Frans Hals was born in Antwerp, but worked for most of his life in Haarlem. He is best known for portraits of the citizens of Haarlem, to which he brought an incisive characterisation and an unparalleled sense of animation. He also painted group portraits, depicting family groups, members of the civic guard and regents of Haarlem almshouses. These are generally regarded as his masterpieces.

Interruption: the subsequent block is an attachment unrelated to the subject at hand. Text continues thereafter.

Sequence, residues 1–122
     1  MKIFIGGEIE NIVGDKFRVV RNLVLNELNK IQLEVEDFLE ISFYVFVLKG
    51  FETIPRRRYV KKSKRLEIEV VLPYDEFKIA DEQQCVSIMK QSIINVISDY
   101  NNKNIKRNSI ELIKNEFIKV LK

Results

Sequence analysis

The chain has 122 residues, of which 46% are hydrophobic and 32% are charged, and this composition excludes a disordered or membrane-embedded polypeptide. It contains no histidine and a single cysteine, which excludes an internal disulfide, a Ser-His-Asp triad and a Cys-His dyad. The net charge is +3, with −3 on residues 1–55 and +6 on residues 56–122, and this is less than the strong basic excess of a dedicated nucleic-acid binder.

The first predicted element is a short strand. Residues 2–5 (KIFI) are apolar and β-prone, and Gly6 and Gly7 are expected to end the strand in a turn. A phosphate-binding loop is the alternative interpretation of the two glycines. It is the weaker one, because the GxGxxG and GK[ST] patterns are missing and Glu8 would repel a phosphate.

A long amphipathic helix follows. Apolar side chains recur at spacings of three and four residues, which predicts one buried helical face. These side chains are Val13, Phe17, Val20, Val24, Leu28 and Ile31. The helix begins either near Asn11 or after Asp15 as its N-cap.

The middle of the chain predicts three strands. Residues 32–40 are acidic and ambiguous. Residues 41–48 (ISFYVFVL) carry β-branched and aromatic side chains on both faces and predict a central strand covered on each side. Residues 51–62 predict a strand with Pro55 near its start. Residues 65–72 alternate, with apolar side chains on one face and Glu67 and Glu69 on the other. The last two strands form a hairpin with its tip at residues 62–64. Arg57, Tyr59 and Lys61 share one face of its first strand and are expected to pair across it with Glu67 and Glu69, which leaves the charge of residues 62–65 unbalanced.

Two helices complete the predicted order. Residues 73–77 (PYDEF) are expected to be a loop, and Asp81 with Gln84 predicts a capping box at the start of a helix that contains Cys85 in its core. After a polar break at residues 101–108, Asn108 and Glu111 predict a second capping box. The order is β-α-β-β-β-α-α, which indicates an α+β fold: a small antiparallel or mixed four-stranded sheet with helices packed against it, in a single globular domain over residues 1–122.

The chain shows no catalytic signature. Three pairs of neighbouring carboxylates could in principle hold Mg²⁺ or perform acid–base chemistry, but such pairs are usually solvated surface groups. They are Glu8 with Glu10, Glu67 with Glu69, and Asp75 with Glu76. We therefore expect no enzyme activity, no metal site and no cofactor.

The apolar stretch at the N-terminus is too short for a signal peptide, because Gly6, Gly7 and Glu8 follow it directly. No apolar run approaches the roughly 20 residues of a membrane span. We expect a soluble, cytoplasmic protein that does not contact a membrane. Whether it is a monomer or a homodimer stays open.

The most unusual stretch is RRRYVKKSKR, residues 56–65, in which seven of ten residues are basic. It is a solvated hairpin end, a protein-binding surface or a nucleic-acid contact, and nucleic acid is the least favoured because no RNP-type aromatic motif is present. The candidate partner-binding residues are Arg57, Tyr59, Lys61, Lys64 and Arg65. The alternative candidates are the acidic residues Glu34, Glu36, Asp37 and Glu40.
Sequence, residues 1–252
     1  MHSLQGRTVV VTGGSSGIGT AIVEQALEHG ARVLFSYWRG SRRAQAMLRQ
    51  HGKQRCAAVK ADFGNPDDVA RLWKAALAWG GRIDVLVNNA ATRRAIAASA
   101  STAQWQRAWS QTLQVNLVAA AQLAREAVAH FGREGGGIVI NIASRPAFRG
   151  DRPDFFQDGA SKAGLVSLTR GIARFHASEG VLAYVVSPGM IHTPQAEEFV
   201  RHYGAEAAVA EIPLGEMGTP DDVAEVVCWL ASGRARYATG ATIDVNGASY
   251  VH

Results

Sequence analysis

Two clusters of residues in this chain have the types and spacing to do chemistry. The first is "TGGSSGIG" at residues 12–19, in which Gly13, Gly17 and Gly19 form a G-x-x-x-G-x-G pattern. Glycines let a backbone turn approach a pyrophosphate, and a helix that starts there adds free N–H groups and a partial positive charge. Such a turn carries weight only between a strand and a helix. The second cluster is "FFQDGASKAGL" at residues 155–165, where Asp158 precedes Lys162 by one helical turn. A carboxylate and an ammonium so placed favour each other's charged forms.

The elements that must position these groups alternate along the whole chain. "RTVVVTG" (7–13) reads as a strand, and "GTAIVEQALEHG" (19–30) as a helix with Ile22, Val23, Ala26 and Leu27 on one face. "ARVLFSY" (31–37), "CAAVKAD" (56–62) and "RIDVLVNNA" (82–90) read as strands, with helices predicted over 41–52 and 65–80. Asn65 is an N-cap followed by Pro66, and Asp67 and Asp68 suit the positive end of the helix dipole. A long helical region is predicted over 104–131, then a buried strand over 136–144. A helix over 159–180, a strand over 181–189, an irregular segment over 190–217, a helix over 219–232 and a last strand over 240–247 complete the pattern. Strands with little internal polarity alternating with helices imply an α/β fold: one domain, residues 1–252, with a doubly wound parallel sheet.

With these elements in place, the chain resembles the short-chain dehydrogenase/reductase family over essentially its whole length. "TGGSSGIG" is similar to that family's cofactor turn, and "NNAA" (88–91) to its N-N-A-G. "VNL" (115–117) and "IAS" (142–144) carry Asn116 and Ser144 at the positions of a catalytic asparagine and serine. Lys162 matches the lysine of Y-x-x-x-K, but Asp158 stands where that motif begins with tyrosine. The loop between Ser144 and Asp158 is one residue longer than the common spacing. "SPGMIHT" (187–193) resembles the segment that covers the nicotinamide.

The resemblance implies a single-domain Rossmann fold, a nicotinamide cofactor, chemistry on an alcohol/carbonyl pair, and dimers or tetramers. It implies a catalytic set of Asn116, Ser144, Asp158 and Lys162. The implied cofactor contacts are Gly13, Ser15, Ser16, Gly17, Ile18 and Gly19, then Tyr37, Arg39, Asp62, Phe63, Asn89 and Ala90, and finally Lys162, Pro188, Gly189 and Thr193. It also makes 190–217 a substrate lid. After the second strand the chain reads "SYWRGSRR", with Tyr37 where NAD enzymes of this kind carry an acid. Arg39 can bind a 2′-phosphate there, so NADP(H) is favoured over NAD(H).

Between 1601 and 1603 Hals was apprenticed to Karel van Mander, the artist, biographer and art theorist. In 1610, Hals matriculated in the painters' guild of Haarlem. It is thought that he met Rubens who visited the city in 1624. The rapidity of Hals's technique and his incisiveness can be contrasted with the studied fluidity of Rubens's works.
The type of genre scenes in which Hals specialised, many of them depicting children, inspired a number of local painters, including his pupil Judith Leyster. Much later, the dazzling virtuosity of his brushwork became an important precedent for the achievements of the 19th-century French artist, Edouard Manet.